While doing fieldwork at home and/or with people who are familiar can yield new knowledge, researchers using ethnographic techniques ought to first assume the role of apprentice and enact vulnerability before they can represent findings that represent what really happened. Doing otherwise can tarnish relationships or jeopardize a study. The history of narrative within ethnographic research is discussed as an introduction to the author’s own personal narrative, which is in the form of a flashback that illustrates the journey he embarked on in 2010 when he initiated dissertation research in his hometown of south Texas. It is here where he tells about the epistemological ruptures he encountered that were originally understood as fieldwork dilemmas only. He provides a discussion section where he shares how he make use of the lessons learned from writing a flashback in his current position of professor within a principal preparation program.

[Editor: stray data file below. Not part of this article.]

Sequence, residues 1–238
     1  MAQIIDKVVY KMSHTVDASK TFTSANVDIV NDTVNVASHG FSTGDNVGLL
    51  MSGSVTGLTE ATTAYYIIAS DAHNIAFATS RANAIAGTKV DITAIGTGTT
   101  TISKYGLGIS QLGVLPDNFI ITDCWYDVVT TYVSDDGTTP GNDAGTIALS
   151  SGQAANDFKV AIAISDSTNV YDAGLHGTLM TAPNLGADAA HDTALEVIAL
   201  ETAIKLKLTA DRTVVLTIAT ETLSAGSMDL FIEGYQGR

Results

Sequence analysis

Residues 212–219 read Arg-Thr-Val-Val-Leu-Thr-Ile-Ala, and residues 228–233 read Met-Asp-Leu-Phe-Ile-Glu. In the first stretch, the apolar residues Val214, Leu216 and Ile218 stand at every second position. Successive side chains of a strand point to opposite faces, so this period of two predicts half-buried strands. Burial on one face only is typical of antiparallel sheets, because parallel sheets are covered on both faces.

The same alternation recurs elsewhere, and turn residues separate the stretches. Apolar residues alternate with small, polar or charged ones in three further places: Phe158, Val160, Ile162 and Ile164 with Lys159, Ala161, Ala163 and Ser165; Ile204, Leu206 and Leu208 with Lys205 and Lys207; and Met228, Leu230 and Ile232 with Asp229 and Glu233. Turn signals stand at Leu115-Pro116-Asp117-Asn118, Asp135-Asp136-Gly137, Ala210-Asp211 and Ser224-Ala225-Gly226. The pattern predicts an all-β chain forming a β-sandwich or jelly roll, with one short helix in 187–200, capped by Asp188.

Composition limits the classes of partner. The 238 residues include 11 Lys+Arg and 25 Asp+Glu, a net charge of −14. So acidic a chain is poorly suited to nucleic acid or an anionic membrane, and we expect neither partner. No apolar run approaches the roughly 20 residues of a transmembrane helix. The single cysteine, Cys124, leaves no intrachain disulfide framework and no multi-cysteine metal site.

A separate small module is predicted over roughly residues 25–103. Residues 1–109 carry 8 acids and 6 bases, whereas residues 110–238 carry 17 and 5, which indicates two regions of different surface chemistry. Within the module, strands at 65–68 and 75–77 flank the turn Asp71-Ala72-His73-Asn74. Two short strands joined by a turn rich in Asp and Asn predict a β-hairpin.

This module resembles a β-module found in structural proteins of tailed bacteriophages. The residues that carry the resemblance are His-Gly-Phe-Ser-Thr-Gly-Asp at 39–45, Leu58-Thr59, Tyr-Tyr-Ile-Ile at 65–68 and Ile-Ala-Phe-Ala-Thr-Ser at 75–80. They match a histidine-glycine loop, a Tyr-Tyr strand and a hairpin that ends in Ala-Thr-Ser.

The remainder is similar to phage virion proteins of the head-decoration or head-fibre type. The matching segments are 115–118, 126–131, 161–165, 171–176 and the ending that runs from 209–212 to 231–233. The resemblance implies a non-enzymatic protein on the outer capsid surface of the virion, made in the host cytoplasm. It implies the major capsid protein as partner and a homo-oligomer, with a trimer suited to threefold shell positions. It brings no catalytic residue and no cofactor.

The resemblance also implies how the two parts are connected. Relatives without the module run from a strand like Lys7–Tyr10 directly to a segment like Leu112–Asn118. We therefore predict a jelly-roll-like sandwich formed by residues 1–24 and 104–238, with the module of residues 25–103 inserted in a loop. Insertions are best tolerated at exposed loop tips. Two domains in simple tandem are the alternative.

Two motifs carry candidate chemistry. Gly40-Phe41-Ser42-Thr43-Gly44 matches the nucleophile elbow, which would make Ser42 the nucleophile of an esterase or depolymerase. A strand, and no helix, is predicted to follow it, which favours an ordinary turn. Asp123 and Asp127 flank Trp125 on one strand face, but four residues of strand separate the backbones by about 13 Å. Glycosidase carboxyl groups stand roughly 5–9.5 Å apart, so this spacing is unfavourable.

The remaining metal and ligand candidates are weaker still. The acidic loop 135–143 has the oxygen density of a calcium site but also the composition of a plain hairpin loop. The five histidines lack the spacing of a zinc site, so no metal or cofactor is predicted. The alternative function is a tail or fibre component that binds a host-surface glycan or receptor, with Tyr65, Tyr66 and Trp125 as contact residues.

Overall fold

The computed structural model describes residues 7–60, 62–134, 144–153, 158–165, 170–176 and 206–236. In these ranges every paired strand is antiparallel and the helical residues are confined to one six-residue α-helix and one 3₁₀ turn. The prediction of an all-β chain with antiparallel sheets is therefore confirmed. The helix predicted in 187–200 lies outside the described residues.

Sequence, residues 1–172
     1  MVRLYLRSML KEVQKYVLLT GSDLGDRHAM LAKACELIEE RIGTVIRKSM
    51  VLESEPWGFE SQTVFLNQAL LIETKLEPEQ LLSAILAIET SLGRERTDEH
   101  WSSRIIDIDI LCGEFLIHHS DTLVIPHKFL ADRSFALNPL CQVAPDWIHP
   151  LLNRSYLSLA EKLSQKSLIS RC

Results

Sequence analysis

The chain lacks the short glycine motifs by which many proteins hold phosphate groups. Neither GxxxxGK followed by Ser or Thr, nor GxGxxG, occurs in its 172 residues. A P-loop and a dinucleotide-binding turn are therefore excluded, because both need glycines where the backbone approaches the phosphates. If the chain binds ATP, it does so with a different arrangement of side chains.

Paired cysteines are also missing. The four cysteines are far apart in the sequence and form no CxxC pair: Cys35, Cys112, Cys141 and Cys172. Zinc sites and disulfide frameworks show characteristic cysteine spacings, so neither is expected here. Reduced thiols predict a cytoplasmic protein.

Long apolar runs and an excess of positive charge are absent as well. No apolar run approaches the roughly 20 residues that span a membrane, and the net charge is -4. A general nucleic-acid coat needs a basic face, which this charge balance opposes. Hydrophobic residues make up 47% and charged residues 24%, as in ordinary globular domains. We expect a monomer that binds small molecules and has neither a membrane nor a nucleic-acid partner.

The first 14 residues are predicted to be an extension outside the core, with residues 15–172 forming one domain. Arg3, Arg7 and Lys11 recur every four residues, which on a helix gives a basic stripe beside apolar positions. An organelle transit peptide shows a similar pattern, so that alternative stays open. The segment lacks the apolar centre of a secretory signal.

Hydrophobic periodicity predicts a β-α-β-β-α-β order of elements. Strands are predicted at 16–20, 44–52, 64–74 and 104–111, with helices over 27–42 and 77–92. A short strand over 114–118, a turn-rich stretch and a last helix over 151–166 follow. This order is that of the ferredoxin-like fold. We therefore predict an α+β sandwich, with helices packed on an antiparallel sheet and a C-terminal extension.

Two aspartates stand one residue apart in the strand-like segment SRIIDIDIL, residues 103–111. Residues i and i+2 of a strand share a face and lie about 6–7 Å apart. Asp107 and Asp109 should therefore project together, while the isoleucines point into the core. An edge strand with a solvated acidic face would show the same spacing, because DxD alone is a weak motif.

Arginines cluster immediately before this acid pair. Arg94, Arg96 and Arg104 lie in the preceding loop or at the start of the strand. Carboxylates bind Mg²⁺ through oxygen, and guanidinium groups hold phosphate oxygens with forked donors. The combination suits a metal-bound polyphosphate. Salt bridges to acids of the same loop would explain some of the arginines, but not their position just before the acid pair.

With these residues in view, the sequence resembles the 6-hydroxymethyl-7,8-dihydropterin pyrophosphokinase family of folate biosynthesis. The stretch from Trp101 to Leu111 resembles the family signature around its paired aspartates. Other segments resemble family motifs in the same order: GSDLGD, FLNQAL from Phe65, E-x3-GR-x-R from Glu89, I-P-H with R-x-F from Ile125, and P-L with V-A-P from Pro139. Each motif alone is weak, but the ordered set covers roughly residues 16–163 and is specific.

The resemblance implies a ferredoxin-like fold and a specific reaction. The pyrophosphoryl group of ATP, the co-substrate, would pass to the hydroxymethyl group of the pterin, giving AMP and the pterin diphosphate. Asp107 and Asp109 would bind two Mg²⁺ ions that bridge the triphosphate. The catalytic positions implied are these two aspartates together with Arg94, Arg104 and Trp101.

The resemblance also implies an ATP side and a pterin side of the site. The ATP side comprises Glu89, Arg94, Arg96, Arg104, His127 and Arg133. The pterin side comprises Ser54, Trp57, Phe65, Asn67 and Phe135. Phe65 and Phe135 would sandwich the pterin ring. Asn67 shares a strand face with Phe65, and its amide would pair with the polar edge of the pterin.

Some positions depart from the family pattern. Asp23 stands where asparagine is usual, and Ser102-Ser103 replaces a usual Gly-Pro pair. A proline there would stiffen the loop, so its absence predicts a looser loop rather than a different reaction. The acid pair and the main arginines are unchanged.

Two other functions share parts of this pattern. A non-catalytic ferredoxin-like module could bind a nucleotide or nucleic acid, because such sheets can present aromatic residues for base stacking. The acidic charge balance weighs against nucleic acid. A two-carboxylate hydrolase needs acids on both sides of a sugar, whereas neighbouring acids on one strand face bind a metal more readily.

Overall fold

Epistemology, Leadership, Fieldwork, Dissertation, Friends

Author Bio(s)

Israel Aguilar, Ph.D. is an assistant professor of educational administration at Texas A&M University-Corpus Christi. Correspondence regarding this article can be addressed directly to: Israelaguilar01@hotmail.com.

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